• This is a grand example of your inner warrior standing tall and not being worried about what anyone thought…even you. How we react in the face of danger is very often indicative of our truest nature. In the crisis, we haven’t the time for the pretenses or the facades…we merely are. And safe is not nearly as fun…Ride the comet! {HUGZ} Red.

      Reply
  4. Another great post in a long line of them!

    When I was a young man, I always rallied “I hope I die before I get old” (from a classic “Who” song). Now that I am there, not so much.

    When I was a young man, I thought myself indestructible. Now, not so much.

    When I was a young man, sex, drugs and rock n’ roll made me feel great. Now, well, some things have to stay the same, don’t they?

    Reply
  5. Hehe you took me back to being a teenager and thinking anyone over 30 was old and I knew better than them. You had me nodding as I read the lines!

    Reply
    • That is an added benefit of all the children. I am never allowed to forget how I thought at any given age!

      Reply
  6. This is a wonderful read, you know I am like a big kid a lot of the time, I have a PS3 and I can talk away for hours about this or that game that I have completed, the fascination never goes away and I still get excited about buying a new title, childishly some might think but one has to be in the groove to understand it all, I have been messing around on consoles ever since they first appeared, and how they have changed.

    A lot of my friends think that I have never grown up, but hey who wants to, I mean all they seemingly do is sit around being grumpy of an evening and even their wives and girlfriends cannot break their couch potato mentality, not even on their so called ‘Nookie Night’ as they put it, now how boring is that?

    I prefer to be spontaneous in everything that I do, and that definitely offers one the Peter Pan effect, well it does with me anyway. Sorry that I have gone off on a tangent with this comment, but seeing as I never actually offer you very much generally, this does give an insight into just some of my likes…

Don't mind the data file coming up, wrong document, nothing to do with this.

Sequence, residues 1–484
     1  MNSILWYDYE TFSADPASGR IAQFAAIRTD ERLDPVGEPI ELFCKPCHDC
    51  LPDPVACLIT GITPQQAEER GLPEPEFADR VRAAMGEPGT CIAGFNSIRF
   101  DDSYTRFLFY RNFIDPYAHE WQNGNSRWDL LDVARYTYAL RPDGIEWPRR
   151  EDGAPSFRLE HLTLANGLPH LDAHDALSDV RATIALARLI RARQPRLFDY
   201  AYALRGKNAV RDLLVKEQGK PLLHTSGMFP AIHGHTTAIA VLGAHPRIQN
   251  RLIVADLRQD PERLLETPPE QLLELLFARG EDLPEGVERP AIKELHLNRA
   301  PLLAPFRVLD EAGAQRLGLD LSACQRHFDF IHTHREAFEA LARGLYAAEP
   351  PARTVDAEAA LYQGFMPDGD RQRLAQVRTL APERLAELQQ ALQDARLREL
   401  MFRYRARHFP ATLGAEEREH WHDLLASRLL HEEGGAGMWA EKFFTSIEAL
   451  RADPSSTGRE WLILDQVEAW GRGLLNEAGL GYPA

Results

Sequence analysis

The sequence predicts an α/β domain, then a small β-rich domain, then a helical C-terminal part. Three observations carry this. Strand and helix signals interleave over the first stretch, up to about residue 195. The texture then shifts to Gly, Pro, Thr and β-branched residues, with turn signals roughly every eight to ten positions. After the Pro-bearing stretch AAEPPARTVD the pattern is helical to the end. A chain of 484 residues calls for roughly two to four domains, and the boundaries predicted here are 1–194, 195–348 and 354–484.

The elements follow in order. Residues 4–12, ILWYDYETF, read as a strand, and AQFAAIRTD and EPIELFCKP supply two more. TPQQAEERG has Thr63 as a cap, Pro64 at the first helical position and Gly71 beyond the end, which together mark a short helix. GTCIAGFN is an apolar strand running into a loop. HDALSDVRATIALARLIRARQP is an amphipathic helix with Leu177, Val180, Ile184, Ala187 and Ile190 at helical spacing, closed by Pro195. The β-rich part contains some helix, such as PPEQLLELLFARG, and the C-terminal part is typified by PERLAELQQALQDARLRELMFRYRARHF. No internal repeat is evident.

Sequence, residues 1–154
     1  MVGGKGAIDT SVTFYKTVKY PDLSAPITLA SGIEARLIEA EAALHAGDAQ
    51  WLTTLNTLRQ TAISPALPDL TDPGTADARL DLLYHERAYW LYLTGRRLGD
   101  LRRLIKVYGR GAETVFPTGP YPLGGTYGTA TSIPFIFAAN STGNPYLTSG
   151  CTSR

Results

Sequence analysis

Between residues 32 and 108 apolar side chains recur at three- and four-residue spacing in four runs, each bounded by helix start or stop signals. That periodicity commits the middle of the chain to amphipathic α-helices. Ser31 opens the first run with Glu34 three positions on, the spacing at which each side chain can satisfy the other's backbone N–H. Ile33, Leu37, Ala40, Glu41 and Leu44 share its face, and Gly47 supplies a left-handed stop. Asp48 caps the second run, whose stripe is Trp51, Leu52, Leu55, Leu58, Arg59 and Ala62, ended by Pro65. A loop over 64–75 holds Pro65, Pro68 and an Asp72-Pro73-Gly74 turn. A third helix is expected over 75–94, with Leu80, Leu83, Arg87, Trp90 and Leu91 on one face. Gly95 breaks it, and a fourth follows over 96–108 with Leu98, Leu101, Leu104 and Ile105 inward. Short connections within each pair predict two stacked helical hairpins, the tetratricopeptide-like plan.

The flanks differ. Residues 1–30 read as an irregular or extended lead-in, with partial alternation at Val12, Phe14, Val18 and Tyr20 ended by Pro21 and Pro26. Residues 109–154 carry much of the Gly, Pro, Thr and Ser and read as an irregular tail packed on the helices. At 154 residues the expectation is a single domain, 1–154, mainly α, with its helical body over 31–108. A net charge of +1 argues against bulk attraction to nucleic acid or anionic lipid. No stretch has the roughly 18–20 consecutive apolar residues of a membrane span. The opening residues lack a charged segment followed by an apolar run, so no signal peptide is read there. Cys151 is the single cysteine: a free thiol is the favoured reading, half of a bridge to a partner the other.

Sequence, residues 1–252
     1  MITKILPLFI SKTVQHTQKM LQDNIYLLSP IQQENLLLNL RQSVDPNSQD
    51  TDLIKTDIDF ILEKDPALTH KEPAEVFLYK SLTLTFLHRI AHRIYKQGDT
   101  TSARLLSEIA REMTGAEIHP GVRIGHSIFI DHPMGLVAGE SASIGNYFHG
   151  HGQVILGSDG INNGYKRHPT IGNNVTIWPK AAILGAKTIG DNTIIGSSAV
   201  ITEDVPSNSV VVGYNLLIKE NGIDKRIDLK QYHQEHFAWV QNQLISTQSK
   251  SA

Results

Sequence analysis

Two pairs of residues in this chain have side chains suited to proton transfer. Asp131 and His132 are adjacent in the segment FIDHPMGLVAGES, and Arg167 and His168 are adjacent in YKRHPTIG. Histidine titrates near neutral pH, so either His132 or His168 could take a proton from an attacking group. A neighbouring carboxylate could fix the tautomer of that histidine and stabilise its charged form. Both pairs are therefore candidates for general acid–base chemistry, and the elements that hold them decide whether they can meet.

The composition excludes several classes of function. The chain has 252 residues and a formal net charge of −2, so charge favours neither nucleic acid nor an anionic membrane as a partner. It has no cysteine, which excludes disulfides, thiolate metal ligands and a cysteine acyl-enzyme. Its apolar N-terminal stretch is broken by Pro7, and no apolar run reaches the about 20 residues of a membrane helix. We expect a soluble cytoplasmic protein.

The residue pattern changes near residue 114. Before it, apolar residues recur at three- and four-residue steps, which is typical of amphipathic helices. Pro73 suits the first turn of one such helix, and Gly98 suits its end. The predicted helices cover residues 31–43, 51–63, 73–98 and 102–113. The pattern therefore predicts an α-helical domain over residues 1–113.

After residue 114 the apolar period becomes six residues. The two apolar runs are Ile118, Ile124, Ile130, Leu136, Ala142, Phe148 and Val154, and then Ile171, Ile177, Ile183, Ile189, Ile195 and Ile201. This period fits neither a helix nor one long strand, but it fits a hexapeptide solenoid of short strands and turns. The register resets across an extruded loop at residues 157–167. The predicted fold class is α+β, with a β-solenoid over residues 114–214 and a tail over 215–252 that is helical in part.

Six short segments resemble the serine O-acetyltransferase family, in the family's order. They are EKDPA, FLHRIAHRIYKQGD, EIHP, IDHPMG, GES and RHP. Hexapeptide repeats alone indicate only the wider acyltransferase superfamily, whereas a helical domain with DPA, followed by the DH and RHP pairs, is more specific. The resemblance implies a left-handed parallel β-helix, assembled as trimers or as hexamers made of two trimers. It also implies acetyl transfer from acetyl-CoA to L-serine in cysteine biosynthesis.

Have a great rest of evening Red 🙂

    Androgoth XXx

    Reply
    • I continually embrace my inner child. Normally, it has something to do with pirates or the sea (back to I should have been born a mermaid). I think everyone needs to find a balance to allow some childlike behavior temper the all too strict adulthood parameters. Laughter is good for the soul. It helps keep us young. 🙂 Red.

      Reply
  7. Actually you had me laughing, in part of course because I was smarter than my mother.

    It is always the journey. I keep adjusting my ancient placeholder upwards at one time of course my mother said to me I wouldn’t see 20 and I thought, damn I hope not that is so old. Then I thought, gad 30 is so old I can’t imagine it. The other day I was thinking about my still living ex who is 11 years older than me and out of my mouth came the words, geez he is is so old–can you imagine?

    So upwards and onwards, you always do such a good job.

    Reply
    • ROFL! Aren’t you so glad I do not feel that way about you?? To me, old has always been something circling 100. I have known quite a few, and they were all so full of life. It is just a number to my brain. Then again, so many people peg me as being much older than I am. Meh. Who knows?

      Reply
  8. my inner self tells me to be more rsponsible sometimes but when i stop and think im responsible 22 hours a day so the other two im wild lol xxjen

    Reply
  9. bear

     /  February 5, 2012

    I don’t wanna grow up. I don’t wanna get old! But I did, if only physically, Age IS only a number. As for my religion, I lost A lot of faith in the congregation when the back-biting in the church started, fake Christians.

    And I really think well under duress. It is a rush, if not a twisted one.

    Reply
    • The reason for that is there are far too many who worship the religion instead of the god. That is true of all religions.

      For you, adrenaline is a way of life. While others may well judge that twisted, it is no less true. Now, to work your neural net to function so well without the stress…

      Reply